Diving Deeper into Your Submission Data
Diving Deeper into Your
By Sherrie Hill and Kristen Overstreet
December 23, 2021
As we approach the end of the year, editorial office staff are beginning to think about their journals’ 2021 submission volume and how it compared to previous years. Submission volume for a journal can be a critical indicator of a journal’s health, but the actual submission number is just the surface information. We can dive deeper into the data and find trends that can be used to steer a journal in new directions.
The trend of the submission volume is of particular interest. Everyone wants to know if the submissions are trending upward, staying relatively flat, or decreasing. However, keep in mind any special circumstances that occurred in that year. Were there an unusual number of special issues? Were more conference presenters invited to submit manuscripts? Or were all conferences for that year canceled due to COVID? In 2020, did your journal experience a significant increase in submissions due to researchers having more time to write because they were working from home or was there a significant decrease because clinical researchers were working overtime on COVID-related issues? It is imperative to keep a log of significant events and changes to journal policy and strategy to better inform journal data.
You might choose to present two submissions charts: one that includes all submissions and one that excludes all special issue or invited submissions or non-peer reviewed submissions. The latter will provide a more direct comparison of your regular, peer-reviewed submissions from year to year. You may have a long list of article types that you want to exclude; this list is specific to each journal.
In the example above, when the special issue submissions were filtered out (bottom chart), the increase in submissions was actually more substantial than it appeared when all submissions were included (28% increase vs 36% increase). If a filter is applied, be sure to note it somewhere on the chart to eliminate any confusion for the viewer, now and in the future.
If we look at submission numbers by manuscript type, those data can give us insight into other trends that are occurring.
Suppose that your journal prefers to publish research articles over case reports. If your submission numbers have increased overall, but case reports are a larger percentage of those overall submissions, the increased submission volume might not be as promising as it initially appeared. Conversely, if the submission volume decreased slightly, but the percentage of case reports was significantly reduced, the fall in overall submissions might not be as negative as it initially appeared. Reviewing submissions by manuscript type can also allow the journal to make policy changes that influence the makeup of the types of manuscripts received and ultimately accepted. To use our previous example, if you see case report submissions increasing, your editors could be instructed to reject more case report submissions without peer review.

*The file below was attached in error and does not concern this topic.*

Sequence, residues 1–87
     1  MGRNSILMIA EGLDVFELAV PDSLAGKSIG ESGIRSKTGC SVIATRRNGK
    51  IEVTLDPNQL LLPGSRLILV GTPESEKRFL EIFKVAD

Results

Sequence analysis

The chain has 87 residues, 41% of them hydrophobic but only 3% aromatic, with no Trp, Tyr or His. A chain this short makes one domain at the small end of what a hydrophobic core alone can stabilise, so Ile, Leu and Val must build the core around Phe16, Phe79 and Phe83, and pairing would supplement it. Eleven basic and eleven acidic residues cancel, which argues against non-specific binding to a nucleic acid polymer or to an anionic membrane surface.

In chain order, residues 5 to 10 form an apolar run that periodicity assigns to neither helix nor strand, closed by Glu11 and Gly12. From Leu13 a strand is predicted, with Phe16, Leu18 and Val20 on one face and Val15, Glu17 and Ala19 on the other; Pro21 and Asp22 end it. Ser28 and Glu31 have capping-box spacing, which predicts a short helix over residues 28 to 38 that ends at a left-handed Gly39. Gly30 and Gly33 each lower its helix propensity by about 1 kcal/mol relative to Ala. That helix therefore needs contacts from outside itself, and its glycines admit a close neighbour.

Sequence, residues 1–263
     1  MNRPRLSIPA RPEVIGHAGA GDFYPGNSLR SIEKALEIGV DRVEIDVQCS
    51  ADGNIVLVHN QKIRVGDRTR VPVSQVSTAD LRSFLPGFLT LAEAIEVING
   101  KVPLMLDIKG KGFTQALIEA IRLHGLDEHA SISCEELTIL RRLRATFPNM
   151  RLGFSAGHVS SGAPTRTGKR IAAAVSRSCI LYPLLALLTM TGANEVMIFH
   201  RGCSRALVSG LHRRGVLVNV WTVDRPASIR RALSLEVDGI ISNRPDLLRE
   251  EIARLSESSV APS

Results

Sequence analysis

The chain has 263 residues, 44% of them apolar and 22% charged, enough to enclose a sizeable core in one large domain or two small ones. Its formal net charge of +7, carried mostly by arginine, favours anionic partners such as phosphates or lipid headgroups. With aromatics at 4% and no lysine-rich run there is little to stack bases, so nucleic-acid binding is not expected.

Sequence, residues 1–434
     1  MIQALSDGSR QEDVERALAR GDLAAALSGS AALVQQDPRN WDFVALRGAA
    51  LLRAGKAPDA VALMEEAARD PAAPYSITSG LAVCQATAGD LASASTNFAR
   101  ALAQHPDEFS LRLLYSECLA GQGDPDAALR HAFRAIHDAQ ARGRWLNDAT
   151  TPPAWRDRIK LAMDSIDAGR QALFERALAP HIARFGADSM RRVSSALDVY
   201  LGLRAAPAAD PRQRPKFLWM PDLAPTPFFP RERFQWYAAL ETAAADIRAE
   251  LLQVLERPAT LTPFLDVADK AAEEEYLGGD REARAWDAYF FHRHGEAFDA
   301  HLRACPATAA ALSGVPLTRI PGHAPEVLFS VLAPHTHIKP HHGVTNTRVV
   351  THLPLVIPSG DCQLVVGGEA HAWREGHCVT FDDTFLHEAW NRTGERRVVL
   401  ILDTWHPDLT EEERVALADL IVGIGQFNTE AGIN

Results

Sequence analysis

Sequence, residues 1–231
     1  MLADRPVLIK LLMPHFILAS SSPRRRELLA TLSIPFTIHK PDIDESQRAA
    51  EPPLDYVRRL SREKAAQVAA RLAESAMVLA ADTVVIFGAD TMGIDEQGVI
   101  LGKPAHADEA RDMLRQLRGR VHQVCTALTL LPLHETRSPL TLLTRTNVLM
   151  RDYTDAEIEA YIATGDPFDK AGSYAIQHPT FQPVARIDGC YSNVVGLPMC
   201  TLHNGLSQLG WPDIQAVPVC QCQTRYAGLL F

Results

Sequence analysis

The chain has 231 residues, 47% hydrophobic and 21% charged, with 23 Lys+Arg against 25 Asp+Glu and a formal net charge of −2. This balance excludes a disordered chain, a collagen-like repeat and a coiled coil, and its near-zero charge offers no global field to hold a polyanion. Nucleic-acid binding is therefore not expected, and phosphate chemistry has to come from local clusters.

Depending on the breadth of the subject area your journal covers, breaking down submissions by subject (or topic or category) can reveal interesting insights. Is your journal trying to maintain a balance of the subject areas or would the editorial board prefer some areas be more prominent? Breaking down submissions by category can show how the journal’s content is changing over time. These data can then influence immediate reject policies or inviting content from influential authors in underrepresented topic areas.
Diversity is an important topic. Showing submissions by country of submitting/corresponding/first author can show progress toward increased diversity. As you record efforts made by your journal to increase regional diversity, over time you can determine if these efforts are having an impact.
Another way to look at submissions is by manuscript version. This can help the journal understand the true workload of the editors.
The journal can use rounds of revision data to determine if an initial screening editor is needed to try to weed out low quality submissions prior to peer review. The data can be filtered to show if submissions from particular topic areas are more prone to high numbers of revisions. A filter can also be applied to to show the average number of revisions by country. Your journal might find that recommending a language editing service upon initial decision would reduce the number of subsequent revisions needed to reach a final decision
Regardless of your journal’s goals for the future, submission data can be highly instrumental in uncovering underlying trends and informing your policies in your efforts to meet them.